Supposedly, the universe underwent rapid expansion immediately after the big bang, surpassing the speed of light. If we can detect remnants from that era, does this suggest they moved faster than ...
Mr. Spock's user avatar
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2 answers
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Could Space and Time Be Decoupled Pre- Big Bang?

The traditional view holds that both space and time emerged together from the Big Bang. However, I'm curious about the possibility that time could be eternal, with no beginning, while space began to ...
VVM's user avatar
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Is cosmic background radiation the same photons bouncing around?

Or are "new" photons from perhaps later stages of the expansion encountered?
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Is the matter-antimatter asymmetry a logical or a statistical problem?

When I read on Wikipedia about Big Bang (Inflation and Baryogenesis), I got the impression that in the beginning of the universe all matter and antimatter had been created exclusively as pairs: ...
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If we consider the spacetime of the universe to be four-dimensional, does the Big Bang lie in its center?

Apologies for the (hopefully now somewhat less) clickbait-y title. Now, of course, I know that the Big Bang did not happen at any point connected to a single point in our current $3$-dimensional ...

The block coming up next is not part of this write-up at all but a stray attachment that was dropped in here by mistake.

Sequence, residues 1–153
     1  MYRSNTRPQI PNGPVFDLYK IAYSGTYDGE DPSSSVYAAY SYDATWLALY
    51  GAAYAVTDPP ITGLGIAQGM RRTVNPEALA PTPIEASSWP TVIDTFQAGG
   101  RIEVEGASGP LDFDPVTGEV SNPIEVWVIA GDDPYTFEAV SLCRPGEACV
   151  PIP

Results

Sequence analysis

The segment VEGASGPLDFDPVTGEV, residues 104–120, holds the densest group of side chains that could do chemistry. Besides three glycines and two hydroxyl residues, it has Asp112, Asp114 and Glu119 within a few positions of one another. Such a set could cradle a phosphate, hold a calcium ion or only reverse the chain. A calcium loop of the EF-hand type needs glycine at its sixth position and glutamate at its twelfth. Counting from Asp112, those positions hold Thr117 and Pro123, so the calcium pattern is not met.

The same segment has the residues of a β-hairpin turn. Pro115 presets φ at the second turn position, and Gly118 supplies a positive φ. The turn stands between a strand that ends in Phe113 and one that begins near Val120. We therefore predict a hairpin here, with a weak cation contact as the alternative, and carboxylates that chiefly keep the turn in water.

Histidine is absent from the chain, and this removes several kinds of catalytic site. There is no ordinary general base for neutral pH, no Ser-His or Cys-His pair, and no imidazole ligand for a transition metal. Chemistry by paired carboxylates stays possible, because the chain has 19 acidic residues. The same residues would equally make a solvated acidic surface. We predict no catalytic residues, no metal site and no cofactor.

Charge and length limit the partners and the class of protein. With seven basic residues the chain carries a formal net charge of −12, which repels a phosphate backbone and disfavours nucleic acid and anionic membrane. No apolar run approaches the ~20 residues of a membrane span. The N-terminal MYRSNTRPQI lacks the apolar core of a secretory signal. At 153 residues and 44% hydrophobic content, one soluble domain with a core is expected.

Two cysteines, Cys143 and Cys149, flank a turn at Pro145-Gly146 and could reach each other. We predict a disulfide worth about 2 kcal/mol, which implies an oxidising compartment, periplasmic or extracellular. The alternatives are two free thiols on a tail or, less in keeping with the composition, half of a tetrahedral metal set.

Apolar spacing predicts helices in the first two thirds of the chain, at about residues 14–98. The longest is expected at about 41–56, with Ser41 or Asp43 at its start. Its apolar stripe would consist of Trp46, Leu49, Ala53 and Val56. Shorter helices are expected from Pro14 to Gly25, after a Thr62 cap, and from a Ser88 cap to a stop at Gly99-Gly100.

paulina's user avatar
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Are there any observations from the beginning of the universe until the CMB?

The question that concerns my mind is that in the time period before the cosmic microwave background, did humans have any observations or not? I mean, are all the materials mentioned in physics about ...
QQQ's user avatar
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1 answer
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Was the singularity a boson? [closed]

I was wondering if there is any truth in the perspective that the singularity point at the beginning of our universe would be considered a boson. I have heard it said that the universe at that one ...
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What would one use a theory of quantum gravity for?

I am generally wondering how useful new more ambitious theories would be considering that even with standard non-relativistic electrostatic QM one usually has to employ unsatisfyingly crude ...
Zaph's user avatar
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Probability of a primordial black hole absorbing background radiation?

I'm thinking of the early universe when there was a lot of energetic radiation around. A primordial black hole (PBH) that would be about to evaporate completely about now, would have an initial mass ...